Admittedly, Colleen Sidey lives in a storybook setting. Originally from Los Angeles, she’s been in the woods in South Lake Tahoe for 10 years with her family. “It’s like living in a fairytale landscape,” she says. And the charming effect of the forest finds its way into her ceramic sculpture, along with her greatest inspirations, her two children, ages 11 and 7, and her formative years being surrounded by the urban environment in Southern California.
Sidey’s sculptures are often young figures with big anime-like eyes and small downturned mouths. Their faces suggest inexperience and innocence, and she adds dark or mythological components to the piece — like a solemn wide-eyed girl embracing a white fawn on top of a black barrel that’s spilling a green, possibly toxic, substance.
Sidey and her ceramicist husband Bryan Yerian met in a ceramics class as undergrads at Humboldt State University. They both teach sculpture at Lake Tahoe Community College and have been sharing their converted two-car garage as their home studio for the past decade. In March, the couple opened Compass Clay Studio just off of Highway 50 in a midcentury-modern building that they bought and remodeled. Sidey calls it a “community learning ceramics studio,” where she and Yerian teach classes and workshops for adults and children. They have electric kilns and potters wheels, and offer open studio time and firing services. “It’s a really nice way to open up the ceramic experience to the community,” Sidey says.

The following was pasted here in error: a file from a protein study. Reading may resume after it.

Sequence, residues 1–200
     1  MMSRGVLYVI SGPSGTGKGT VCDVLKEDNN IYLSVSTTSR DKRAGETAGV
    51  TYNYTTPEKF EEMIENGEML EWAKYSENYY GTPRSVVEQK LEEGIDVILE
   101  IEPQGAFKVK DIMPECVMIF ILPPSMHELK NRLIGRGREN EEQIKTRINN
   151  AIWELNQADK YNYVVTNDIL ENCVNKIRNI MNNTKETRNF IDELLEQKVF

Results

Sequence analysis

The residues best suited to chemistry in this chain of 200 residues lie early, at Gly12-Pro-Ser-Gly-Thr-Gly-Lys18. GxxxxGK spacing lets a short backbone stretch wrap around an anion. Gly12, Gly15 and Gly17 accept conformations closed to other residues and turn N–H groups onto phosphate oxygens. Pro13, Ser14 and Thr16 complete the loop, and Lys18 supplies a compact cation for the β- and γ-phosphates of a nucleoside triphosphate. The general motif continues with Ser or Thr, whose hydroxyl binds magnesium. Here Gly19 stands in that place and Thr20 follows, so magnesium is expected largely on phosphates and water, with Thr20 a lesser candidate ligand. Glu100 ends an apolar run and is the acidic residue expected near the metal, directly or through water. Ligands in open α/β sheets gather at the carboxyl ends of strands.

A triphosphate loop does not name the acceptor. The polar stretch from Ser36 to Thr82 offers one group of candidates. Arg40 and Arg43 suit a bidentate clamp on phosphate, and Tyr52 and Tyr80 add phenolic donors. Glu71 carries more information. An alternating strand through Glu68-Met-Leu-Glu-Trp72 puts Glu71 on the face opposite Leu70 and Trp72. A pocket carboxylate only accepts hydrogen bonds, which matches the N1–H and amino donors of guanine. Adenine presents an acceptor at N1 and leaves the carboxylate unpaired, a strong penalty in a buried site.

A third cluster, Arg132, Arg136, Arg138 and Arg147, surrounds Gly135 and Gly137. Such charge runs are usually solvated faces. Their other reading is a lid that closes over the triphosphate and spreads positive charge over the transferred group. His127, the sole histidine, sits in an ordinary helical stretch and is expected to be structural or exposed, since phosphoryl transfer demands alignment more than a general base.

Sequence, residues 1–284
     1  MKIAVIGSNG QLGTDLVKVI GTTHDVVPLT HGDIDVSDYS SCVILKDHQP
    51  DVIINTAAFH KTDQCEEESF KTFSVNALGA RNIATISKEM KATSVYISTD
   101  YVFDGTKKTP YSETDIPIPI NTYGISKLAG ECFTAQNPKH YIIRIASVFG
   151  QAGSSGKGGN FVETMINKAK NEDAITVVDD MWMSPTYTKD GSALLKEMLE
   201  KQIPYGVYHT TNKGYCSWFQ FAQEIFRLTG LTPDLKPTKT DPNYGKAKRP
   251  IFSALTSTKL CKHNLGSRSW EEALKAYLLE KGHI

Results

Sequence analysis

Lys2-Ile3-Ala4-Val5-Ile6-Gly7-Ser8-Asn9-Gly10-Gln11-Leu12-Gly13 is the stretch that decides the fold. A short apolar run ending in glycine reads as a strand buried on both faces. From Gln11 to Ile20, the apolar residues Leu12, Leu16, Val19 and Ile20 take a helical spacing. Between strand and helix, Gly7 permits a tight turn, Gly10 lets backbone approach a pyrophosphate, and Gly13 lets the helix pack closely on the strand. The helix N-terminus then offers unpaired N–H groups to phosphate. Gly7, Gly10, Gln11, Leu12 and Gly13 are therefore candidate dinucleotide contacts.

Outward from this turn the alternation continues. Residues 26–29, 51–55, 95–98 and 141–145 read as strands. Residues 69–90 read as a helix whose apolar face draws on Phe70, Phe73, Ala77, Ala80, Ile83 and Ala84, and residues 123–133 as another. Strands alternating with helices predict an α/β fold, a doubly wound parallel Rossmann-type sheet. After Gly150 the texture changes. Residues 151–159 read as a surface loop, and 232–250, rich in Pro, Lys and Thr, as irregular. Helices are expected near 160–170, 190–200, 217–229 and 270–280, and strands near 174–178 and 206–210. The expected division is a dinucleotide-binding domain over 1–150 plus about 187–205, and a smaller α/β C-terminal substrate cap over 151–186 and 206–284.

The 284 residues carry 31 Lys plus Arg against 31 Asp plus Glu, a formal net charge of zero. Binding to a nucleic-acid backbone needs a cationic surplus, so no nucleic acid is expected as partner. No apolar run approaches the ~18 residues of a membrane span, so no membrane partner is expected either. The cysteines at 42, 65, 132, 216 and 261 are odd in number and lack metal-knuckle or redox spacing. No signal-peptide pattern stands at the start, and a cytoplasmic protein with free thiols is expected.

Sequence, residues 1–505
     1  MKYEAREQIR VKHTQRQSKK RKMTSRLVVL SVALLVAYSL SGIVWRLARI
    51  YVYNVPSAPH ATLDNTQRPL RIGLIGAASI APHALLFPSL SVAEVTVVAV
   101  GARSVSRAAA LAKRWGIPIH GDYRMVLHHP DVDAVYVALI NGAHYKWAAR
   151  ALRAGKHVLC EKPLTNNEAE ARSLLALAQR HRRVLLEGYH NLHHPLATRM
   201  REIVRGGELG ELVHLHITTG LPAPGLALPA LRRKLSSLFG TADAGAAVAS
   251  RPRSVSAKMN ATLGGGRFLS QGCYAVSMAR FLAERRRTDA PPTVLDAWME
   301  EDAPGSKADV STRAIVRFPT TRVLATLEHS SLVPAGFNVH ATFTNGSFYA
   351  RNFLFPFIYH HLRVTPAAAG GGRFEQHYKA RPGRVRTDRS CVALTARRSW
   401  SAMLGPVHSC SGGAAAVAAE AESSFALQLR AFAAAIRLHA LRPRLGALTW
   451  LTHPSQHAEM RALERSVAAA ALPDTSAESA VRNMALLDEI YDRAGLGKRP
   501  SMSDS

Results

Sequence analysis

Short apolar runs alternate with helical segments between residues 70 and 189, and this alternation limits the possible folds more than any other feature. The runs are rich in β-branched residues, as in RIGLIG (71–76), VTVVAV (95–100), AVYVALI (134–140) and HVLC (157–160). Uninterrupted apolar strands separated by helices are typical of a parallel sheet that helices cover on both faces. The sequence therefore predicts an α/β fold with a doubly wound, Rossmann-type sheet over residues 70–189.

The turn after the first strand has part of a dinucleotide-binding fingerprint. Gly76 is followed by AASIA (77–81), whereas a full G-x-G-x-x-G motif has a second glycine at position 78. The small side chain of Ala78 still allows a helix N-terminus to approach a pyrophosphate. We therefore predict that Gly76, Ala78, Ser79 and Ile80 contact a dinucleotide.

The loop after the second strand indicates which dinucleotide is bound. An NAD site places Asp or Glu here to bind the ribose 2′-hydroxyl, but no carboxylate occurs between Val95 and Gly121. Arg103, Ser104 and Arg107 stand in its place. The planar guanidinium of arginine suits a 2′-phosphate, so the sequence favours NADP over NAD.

Your work has a childlike innocence and darkness. Why were you drawn to the Grimm brothers and Disney?
Motherhood. As a mom, I am constantly reading to the kids, and, you know, also watching cartoons and Disney movies — I love the Studio Ghibli films. … I use my children as models for the work, and so I think that’s why the work has really shifted to being mostly children, because they’re such a focus in my life.